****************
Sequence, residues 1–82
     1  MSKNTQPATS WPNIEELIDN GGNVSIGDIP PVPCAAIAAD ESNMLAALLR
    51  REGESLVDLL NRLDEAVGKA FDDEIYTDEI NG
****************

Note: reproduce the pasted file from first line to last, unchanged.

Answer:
Sequence, residues 1–82
     1  MSKNTQPATS WPNIEELIDN GGNVSIGDIP PVPCAAIAAD ESNMLAALLR
    51  REGESLVDLL NRLDEAVGKA FDDEIYTDEI NG